Maybe more people than Facebook and Amazon have information about me. I just can't see what they're going to do with it that's going to hurt me.
 
depends on what they notice about you
for example, there's a supermarket in the UK that developed an algorithm that can tell, based on your purchasing habits, with a 90% accuracy rate, whether or not you're pregnant.
then if you are, they send you advertisements for baby stuff.
must be hilarious if you didn't want to share that fact with anyone else.
 
But Puppy, that's about the most useful thing I can think of that they can do with my information.
 
10:01 AM
that depends on whether or not you wanted everyone to know that you were pregnant or not.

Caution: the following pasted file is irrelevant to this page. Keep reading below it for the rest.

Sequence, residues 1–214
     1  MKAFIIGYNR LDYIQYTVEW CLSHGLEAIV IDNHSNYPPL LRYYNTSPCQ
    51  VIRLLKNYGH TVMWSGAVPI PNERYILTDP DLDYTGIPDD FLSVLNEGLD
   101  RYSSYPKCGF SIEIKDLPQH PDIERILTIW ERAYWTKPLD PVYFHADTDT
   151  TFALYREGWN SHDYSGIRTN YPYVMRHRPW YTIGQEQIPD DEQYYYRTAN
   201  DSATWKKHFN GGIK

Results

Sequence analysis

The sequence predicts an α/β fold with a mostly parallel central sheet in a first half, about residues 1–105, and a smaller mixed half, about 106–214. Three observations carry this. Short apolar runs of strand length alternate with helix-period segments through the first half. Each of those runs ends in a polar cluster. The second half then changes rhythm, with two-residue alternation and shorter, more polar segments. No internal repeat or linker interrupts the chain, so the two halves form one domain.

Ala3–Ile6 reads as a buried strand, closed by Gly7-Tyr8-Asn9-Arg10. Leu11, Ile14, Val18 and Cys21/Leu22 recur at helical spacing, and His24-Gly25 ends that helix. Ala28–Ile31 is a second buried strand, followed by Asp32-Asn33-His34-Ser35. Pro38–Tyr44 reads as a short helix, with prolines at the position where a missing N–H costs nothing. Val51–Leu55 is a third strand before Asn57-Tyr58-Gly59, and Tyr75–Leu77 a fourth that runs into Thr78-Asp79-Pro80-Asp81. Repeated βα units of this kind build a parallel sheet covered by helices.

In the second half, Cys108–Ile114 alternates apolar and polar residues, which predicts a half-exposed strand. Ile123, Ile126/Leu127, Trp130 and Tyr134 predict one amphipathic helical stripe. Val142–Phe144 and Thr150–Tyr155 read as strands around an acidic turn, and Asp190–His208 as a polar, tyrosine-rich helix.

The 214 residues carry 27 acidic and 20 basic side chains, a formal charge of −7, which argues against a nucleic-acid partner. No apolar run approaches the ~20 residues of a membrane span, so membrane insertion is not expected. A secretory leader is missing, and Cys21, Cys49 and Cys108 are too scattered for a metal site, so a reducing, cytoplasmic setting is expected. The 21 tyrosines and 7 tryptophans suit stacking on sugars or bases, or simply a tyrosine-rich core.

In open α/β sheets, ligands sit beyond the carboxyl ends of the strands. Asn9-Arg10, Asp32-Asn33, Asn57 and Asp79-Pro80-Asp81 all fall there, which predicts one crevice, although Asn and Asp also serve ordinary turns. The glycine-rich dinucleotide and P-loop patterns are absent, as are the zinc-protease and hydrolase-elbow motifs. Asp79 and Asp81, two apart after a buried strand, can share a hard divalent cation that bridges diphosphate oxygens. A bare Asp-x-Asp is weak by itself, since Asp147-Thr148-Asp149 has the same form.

Perhaps, but even the marketers have a margin of error, and anyone in that situation could claim that the marketers were wrong.
 
sure, with the 90% accuracy rate, everyone's gonna buy that.
 
I had a girlfriend in highschool who would get daily texts advertising viagra. Nobody looked at her funny, we've all been through that.
 
sure, but that's plainly incorrect, instead of almost certainly not incorrect.
 
Yes, but it's also not common knowledge that the advertiser is super accurate.
 
10:04 AM
it pretty much is now.
 
So people will just assume that the advertiser made some dumb mistake, and laugh about it.
 
especially since the pregnancy story made the national news here.
 
I actually did hear that story.
 
.c.o:
	$(CC) $(CFLAGS) -c -o $@ $<
 
10:04 AM
I'm in California, I don't know where you live.
 
does this look okay to you?
 
a long way away from California.
fact is, whilst I certainly object to sharing my personal data with Google, I'd be less concerned if it was reliably just Google.